2018 Was IoT’s Breakout Year

Person going through security using thumbprint scanning technology

Cyber-historians may well look back at 2018 as the year the Internet of Things (IoT) went mainstream. From connected devices at home to security cameras and sensors in factories, the acceleration of IoT has ignited the imagination and pushed product development in new directions. In 2018, we saw the emergence of several key IoT trends that will proliferate during the years ahead. Here are the ones that made our list:

AI meets IoT

Artificial Intelligence (AI) is to IoT what butter and salt is to popcorn. IoT by itself is exciting and interesting, but it’s AI that gives it the flavor, powering it with predictive analytics and data-driven decision making.

2018 saw venture capitalists pouring money into startups that are using AI in innovative ways, while legacy companies invested their own dollars to keep up. In fact, the second quarter saw a record $2.3 billion investment by US-based venture capitalists in AI startups. The action wasn’t just in the US, though. In August, Toronto-based Canvass Analytics, which provides a predictive platform used to help make more analytical, data-driven decisions on the factory floor, secured $5 million in funding led by Google’s AI investment arm, Gradient. What’s more, if companies weren’t investing in AI, they were buying it. In May, Nokia acquired SpaceTime Insight which will ad predictive analytics to its IoT portfolio.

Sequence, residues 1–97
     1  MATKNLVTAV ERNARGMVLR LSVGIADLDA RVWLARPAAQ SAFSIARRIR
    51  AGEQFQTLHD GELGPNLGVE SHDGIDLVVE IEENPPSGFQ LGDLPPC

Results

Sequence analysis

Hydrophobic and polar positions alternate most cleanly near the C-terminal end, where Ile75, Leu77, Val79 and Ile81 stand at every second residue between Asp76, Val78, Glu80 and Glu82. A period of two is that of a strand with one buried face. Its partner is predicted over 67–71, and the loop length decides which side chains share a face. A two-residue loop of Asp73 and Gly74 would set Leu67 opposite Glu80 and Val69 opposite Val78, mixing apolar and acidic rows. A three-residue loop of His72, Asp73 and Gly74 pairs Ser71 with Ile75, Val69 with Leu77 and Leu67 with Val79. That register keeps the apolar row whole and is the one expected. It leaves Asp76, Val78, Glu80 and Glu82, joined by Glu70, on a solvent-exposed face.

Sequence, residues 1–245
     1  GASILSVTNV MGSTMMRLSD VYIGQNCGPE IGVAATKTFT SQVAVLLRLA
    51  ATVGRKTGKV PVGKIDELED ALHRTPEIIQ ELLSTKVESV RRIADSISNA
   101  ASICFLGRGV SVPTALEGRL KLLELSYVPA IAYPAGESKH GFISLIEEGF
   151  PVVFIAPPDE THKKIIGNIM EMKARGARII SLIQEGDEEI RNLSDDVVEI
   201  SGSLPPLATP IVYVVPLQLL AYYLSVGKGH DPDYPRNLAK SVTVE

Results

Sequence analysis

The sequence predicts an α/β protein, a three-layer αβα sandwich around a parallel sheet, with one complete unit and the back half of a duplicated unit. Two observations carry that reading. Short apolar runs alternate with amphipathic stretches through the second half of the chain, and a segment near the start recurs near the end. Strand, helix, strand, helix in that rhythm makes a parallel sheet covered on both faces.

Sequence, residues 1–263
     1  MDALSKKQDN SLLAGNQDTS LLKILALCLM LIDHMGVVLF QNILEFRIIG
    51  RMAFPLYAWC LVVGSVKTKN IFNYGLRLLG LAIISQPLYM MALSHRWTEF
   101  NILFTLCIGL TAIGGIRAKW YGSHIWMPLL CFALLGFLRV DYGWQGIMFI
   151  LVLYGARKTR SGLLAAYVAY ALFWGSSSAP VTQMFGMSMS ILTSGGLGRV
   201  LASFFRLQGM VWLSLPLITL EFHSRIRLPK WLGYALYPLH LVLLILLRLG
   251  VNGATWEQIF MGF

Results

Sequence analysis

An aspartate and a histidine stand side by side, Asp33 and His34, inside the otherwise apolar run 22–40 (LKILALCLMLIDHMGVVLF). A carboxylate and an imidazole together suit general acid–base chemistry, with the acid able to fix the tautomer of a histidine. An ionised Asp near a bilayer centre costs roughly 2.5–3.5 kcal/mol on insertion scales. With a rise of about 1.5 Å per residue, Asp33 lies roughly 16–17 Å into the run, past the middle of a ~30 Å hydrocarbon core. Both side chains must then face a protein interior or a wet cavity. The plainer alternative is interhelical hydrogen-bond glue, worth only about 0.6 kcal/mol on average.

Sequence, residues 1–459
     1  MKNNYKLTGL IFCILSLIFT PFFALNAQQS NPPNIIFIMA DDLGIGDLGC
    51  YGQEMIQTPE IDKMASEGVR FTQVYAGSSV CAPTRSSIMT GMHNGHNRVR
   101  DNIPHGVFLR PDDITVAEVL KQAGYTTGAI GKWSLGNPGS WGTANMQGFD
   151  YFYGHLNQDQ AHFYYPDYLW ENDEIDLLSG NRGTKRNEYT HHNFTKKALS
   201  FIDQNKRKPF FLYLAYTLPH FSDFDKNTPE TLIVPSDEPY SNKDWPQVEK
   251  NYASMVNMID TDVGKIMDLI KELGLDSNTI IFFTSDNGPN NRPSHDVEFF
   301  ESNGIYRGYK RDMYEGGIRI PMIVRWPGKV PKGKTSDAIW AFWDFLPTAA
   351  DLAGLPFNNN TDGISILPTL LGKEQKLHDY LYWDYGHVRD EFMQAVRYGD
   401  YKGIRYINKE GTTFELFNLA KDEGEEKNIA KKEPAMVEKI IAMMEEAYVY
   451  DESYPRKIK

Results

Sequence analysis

The AI-fueled IoT revolution in 2018 centered heavily on predictive analytics, industrial applications, and transportation, but there are plenty of consumer-facing use cases like home automation that are driving AI forward as well.

The value of low-power wide-area networks

Why hire a whole symphony when a single violinist will do? That’s the thinking behind LPWAN’s emergence as a significant IoT player. Instead of relying on expensive multilayered network build-outs, IoT architects are using a variety of LPWANs with various new technologies to support IoT devices that need lower power.

Projections show that by 2021 about 3.44 billion devices worldwide will connect using LPWAN technology.

The tug-o-war continues over security

The jousting between manufacturers and network-breaching bad actors continued in 2018. No wonder IoT security spending was predicted to hit $1.5 billion over the last 12 months. Much of that problem stems from an ever-growing challenge: consumers are often looking for smaller, sleeker and lighter solutions, and those qualities don’t always converge with more muscular security needs.

This juxtaposition is especially acute in the burgeoning IoT medical device ecosystem, where lighter is almost always better to the customer. However, a lightweight pacemaker or connected contact lenses need the right security solution to accommodate their smaller formats. For example, the summer of 2018 saw two significant recalls of medical devices for security vulnerabilities. Medtronic recalled cardiac devices due to security concerns, and the FDA ordered 5,000 Abbott heart pumps recalled because of security concerns.